It varies, of course. I try generally to keep things 90/10…90% on my writing because word of mouth (the result of really good book) is by far the best marketing.

4. For each activity above that you use, what do you estimate is your return on investment?

In the back of my mind I’m always thinking I have an hourly worth based on my average writing income each month. So I tend to think “I’m losing money by spending too much time here” with regard to social media.

Which one do you think is the most effective?

BookBub.

5. What resources have been most helpful to you in learning the above?

TheCreativePenn.com

6. What changes have you made to your marketing b/c of the pandemic?

Obviously, more Zoom. Workshops, mini-conferences.

7. Knowing what you know now, what would you do differently if you were starting over?

Nothing really. I’ve kept writing as #1 and that hasn’t changed. I’ve tried paid ads — cost per click — on both BookBub and Amazon, but haven’t cracked the code for fiction. Nonfiction has worked better.

8. Where do you sell your books?

Amazon.

 

Terry Odell answers:

Indie Pub

I didn’t answer because I don’t have a marketing plan. I’m random and haphazard, and don’t track much.

Best for me, IF you can get one, is a BookBub deal. For Audio, a Chirp deal. I’ve done ads with other newsletters, such as ENT, Bargain/Free Booksy, Fussy Librarian. I’ve done the occasional Amazon ad, but just let them handle it, and I keep my spending very low.

I have a blog, a newsletter that goes out when I have something new, a Facebook Author Page. My blog feeds to my author page, to Amazon, to Goodreads (which I never visit), and I’m not even sure where else it shows up.

The only thing that’s changed during the pandemic is I haven’t gone to any conferences, although I’d cut way back before the pandemic.

Social media is about engaging, not selling, but if it’s lumped into marketing, then I probably spend under an hour/day doing “marketing.” If you remove that from the mix, more like 10-15 minutes, max.

Can you tell I don’t like marketing? I’m not in this gig for the money; I’d go nuts if I wasn’t writing. Seeing sales is good, but I look at bad years as a way to cut back on our taxes.

 

Elaine Viets’s answers:

Traditional Pub

  1. What is your goal with marketing?
  • To create a loyal group of satisfied readers who will return to buy my mysteries and help sell books by word of mouth.
  1. What marketing do you do or participate in?
  • Speaking – Zoom – Podcasts – Book Tours – interviews
  • I give talks via Zoom and I’ve been a podcast guest. Before Covid-19 I went on book tours. Now I participate in Zoom book signings. These are most successful if I team up with one or more writers for the event. My last Zoom book signing was with Charlaine Harris at Murder on the Beach Bookstore in Delray Beach, FL. Murder on the Beach asks participants to buy at least one book.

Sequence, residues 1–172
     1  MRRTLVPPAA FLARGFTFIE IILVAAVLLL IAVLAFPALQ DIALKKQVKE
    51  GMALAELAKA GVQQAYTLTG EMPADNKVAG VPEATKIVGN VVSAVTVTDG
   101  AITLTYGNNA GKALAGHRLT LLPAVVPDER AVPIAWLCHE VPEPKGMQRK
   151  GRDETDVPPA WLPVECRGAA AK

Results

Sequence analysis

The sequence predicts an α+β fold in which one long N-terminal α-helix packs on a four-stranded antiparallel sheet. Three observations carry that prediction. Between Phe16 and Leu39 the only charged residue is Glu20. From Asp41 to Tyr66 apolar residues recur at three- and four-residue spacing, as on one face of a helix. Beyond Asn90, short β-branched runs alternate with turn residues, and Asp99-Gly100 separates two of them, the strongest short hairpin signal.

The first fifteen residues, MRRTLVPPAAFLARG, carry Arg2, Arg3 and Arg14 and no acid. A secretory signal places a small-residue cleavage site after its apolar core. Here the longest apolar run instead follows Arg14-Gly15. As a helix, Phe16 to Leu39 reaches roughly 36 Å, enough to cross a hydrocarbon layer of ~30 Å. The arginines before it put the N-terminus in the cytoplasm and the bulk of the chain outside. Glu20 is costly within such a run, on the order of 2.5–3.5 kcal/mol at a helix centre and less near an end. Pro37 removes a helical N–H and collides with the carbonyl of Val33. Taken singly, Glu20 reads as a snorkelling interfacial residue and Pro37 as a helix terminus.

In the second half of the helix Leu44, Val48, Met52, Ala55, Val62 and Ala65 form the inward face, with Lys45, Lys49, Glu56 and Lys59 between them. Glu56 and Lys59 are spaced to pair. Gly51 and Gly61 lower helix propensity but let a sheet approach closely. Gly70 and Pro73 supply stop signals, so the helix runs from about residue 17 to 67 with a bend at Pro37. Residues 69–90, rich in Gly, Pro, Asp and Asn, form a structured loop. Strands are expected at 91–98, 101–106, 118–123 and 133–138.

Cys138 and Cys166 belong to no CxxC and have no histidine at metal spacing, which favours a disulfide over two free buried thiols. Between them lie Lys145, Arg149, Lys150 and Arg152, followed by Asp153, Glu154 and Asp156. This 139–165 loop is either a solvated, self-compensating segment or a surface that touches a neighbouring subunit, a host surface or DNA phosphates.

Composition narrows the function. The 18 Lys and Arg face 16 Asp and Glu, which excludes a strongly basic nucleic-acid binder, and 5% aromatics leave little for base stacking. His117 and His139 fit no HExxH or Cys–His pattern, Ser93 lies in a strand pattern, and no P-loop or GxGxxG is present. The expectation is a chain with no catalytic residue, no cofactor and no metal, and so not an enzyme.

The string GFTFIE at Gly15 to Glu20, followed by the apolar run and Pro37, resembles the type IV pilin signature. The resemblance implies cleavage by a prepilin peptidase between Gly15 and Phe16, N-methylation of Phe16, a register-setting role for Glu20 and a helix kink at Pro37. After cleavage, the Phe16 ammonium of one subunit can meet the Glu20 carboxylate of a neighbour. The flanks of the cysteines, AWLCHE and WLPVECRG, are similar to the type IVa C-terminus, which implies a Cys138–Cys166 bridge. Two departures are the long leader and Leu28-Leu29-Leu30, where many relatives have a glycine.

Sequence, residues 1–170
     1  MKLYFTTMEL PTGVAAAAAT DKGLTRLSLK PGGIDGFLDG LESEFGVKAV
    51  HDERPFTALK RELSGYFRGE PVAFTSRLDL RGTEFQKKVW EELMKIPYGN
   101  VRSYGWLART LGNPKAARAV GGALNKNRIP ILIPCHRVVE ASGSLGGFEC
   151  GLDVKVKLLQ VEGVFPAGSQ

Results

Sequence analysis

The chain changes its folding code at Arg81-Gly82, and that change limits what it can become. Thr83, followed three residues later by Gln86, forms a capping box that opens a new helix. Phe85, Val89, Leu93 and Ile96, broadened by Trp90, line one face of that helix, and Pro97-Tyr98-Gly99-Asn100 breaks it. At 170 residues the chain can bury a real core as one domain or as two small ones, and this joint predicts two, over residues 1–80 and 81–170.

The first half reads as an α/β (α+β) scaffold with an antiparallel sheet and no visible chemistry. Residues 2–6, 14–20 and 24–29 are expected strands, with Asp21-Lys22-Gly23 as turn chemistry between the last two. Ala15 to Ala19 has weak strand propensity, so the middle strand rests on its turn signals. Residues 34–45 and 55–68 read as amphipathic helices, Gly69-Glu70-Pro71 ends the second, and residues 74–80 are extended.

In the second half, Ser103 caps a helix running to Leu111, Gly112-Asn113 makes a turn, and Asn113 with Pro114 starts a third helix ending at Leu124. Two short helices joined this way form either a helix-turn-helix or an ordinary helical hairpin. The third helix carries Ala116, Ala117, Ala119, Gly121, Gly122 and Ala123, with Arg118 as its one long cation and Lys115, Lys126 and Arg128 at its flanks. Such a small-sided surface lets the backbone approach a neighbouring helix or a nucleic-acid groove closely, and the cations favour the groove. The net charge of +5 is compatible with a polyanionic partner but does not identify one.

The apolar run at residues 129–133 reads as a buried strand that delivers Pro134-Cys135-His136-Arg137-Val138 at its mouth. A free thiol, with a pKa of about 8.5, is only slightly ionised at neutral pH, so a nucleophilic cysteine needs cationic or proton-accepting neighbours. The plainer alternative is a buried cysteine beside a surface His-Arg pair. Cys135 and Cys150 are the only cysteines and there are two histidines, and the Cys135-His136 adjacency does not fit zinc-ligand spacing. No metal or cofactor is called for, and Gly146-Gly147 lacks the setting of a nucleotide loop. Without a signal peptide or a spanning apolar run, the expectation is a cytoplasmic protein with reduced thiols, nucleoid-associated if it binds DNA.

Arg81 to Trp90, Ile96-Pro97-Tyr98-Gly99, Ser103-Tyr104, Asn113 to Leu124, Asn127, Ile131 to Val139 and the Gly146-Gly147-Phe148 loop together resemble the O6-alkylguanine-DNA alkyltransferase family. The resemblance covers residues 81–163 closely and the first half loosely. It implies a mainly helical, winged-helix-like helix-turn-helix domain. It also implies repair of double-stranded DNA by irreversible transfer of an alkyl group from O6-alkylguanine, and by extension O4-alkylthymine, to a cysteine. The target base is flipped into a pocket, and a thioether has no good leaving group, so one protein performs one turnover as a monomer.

• Blogging – Website
    • I’ve cut back on blogging, except for TKZ. I believe blogging’s popularity is waning. TKZ has an established audience, and it’s worth my time.
  • Newsletter
    • I have a database of about 3000 names and send out a newsletter two or three times a year, usually when I have a new book or anthology coming out. I don’t like to bombard my readers with constant newsletters.
  • Social media – Which platforms
    • Social media is a huge time suck. I use Twitter and Facebook.
  • Conferences – networking
    • Thanks to Covid, most of the conferences were cancelled. I really miss them. I’ve been a speaker at several virtual conferences and will be at Mostly Malice, the Malice Domestic conference. As for networking, I belong to MWA and I’m treasurer of the Sisters in Crime Treasure Coast Chapter.
  • Others
    • My agent, Joshua Bilmes of JABberwocky, got the rights back for my Dead-End Job mysteries, my Josie Marcus cozy series and the Francesca Vierling series. He commissioned new covers and descriptions. Julie Smith at BooksBNimble does a good job of marketing the books. She places ads and has giveaways.
  1. For each specific activity above that you use, how much time do you estimate that you spend (per week? per month?) Blogging takes about two days per month. Social media is about half an hour per day.
  2. For each activity above that you use, what do you estimate is your return on investment? Which one do you think is the most effective? Facebook gives me the best results personally, though BooksBNimble does well as an income stream.
  3. What resources have been most helpful to you in learning the above? I learned about BooksBNimble by networking.
  4. What changes have you made to your marketing b/c of the pandemic? I go to fewer in-person events, and I miss conferences and book signings.
  5. Knowing what you know now, what would you do differently if you were starting over? If I were starting over, I would join MWA and Sisters in Crime earlier and go to the conferences as soon as I had a contract, rather than waiting for my book to come out.

 

Steve Hooley’s Answers:

Indie Pub

  1. What is your goal with marketing? Leave a legacy for my descendants. Sell more books.
  2. What marketing do you do?
  • Speaking – Zoom – Podcasts – Book Tours – interviews Beginning to work on a target audience of schools with visits and zoom.
  • Blogging – Website TKZ only. Website needs updating.
  • Newsletter Once monthly to a sign-up group
  • Social media – Which platforms On Facebook, don’t use it.
  • Paid ads – which ones Want to learn about this.
  • Conferences – networking – In past. Not post-virus.
  • Others